Sarita See, that indefatigable director of Center for Art and Thought, invited me to

a dialogue with wonderful artists and scholars—Kale Bantigue Fajardo, Dylan Rodriguez, Teresia Teaiwa, and Joi Barrios Leblanc on the subject of history, typhoons, unnatural disasters. I remember that we shared that conversation online during the time of the relief efforts for typhoon Yolanda. Here is the link, and below are some passages.

Wednesday, December 4, 2013, 7:49 PM EST
Via: E-mail
Subject: CA+T Dialogue about Haiyan

Dear Teresia, Dylan, Kale, Joi and Gina,

Thank you so much for agreeing to take part in this CA+T Dialogue over email (or Facebook, if folks prefer that). It’s such an honor to bring this particular circle of teachers, scholars, and artists together.

But first I want to send deepest condolences to Kale Fajardo on the recent loss of your mother. Kale was able to travel to the Philippines at the end of last week in order to be by his mother’s side. She lost that struggle this past Sunday, but she departed while surrounded by her family. Kale: I thought long and hard about whether or not to disturb you during this time of loss. Please feel free to completely ignore this email thread. However, as I’ve learnt from my own experience dealing with losses in my own family, it can be good to take a break and reconnect with one’s community of colleagues, even or especially amidst grief. So I’ll leave it entirely up to you as to whether or when you’d like to join our conversation.

In the face of the incomprehensible loss, displacement, and trauma wreaked by Haiyan/Yolanda, I appreciate being able to reach out to the five of you. With this conversation, I hope to draw on our collective hearts, talents, and minds so as to learn from and teach each other about the unnatural histories and conditions that created Haiyan/Yolanda and its aftermath. We then will publish this installation ofDIALOGUES on CA+T’s website so as to provide the broader public with the kind of alternative knowledge and perspectives that we are so desperately in need of. With the waning of the media’s attention, we also hope that the publication of this Dialogue will draw renewed attention to the kinds of relief efforts that demand our continued support and donations.

By way of introductions, Gina Apostol is a novelist. Joi Barrios is a poet, Filipino language instructor and author, and former dean at the University of Philippines.Kale Fajardo is an interdisciplinary anthropologist and queer studies scholar. Dylan Rodriguez is an ethnic studies scholar, and Teresia Teaiwa is a Pacific studies scholar.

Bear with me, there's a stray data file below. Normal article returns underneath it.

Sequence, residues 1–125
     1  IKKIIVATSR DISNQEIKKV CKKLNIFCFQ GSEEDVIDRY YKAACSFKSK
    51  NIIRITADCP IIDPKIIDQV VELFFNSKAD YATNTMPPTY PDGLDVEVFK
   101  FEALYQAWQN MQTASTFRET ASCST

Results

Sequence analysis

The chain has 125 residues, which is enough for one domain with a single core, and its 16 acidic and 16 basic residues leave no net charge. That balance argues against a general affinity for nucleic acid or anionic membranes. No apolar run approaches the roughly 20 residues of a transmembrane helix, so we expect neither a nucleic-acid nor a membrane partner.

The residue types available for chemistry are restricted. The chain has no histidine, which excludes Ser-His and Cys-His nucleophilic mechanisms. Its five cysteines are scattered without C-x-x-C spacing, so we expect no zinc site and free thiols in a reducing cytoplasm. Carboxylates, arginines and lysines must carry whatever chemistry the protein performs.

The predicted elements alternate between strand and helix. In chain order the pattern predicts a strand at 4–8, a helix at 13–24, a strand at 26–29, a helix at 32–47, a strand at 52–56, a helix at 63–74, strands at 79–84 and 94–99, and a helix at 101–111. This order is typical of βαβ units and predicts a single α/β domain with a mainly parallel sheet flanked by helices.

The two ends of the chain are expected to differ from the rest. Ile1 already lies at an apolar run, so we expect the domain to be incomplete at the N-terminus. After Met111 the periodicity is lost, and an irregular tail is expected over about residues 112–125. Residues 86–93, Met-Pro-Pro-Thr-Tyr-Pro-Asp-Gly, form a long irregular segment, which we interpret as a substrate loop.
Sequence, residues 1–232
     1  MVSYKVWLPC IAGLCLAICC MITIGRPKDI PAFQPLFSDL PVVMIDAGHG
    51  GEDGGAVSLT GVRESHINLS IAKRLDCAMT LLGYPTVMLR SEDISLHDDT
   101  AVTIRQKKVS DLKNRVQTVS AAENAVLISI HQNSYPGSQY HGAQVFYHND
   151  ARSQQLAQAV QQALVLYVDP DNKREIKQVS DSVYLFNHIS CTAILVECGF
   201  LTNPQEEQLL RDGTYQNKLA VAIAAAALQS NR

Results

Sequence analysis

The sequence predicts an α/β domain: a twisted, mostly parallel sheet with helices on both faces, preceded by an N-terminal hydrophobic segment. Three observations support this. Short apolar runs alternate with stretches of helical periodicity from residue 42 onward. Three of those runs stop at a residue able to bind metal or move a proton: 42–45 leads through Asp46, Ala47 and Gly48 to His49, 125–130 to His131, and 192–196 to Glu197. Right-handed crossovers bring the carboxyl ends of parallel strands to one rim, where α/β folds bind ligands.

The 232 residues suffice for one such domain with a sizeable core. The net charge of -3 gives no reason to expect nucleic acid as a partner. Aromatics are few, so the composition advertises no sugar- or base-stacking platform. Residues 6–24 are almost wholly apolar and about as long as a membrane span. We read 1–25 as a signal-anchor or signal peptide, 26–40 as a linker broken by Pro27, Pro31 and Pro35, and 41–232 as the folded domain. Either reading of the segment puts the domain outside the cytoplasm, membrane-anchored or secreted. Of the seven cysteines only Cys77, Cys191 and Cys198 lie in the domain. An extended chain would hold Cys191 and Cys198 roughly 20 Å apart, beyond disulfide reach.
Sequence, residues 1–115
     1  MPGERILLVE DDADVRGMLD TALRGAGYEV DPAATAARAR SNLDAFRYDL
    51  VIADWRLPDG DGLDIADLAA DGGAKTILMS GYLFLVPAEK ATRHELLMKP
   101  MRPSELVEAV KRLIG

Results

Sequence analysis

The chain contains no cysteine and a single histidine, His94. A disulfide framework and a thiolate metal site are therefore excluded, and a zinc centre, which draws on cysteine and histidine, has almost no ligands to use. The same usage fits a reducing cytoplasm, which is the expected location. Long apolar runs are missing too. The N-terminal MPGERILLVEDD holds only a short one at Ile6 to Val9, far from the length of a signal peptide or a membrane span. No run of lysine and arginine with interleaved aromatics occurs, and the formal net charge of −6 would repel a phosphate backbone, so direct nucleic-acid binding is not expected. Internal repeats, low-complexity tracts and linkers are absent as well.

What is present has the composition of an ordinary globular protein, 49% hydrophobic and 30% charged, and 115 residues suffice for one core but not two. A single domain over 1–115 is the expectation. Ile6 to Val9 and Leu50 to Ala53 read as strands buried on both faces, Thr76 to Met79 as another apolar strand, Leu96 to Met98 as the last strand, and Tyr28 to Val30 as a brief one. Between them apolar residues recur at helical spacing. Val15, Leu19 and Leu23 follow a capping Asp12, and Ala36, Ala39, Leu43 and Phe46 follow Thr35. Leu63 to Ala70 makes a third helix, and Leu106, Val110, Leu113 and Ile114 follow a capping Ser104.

I’d like to open up this Dialogue with a prompt for Gina about Jenifer Wofford’s work: What do you make of the other’s renditions of Douglas MacArthur? Jenifer Wofford’s series of drawings, MacArthur Nurses, appeared in Sea, Land, Air: Migration and Labor and explicitly recreates MacArthur’s 1944 landing. In your work you have referenced the history of General Douglas MacArthur and the statue in Tacloban commemorating his 1944 return to the Philippines. You also recently wrote the essay “Surrender, Oblivion, Survival,” which helped me to remember how Leyte “has always attracted opportunists” and has multiple histories of plunder and invasions.

I look forward to seeing where this conversation takes us.

With my respect and gratitude,


Thursday, December 5, 2013, 9:25 AM EST
Via: E-mail
Subject: Re: CA+T Dialogue about Haiyan

I have just finished watching a video of the independence rites of the Philippines, July 4, 1946, while researching this new novel I am writing, William McKinley’s World, and it was interesting to see that the speaker at the center of the independence hoopla is not Paul McNutt, the ambassador and stand-in for Harry Truman at the rites, or Manuel Roxas, the new president (take that, Back to the Future in the Philippines—he’s the granddad of that bumbling botcher of the relief efforts in Tacloban, Mar Roxas!). The man of the hour who gives the speech that the newsreels repeat is Douglas MacArthur. He is smarmy, teary, sincere, and terribly troubling and, to me, repellent all at the same time.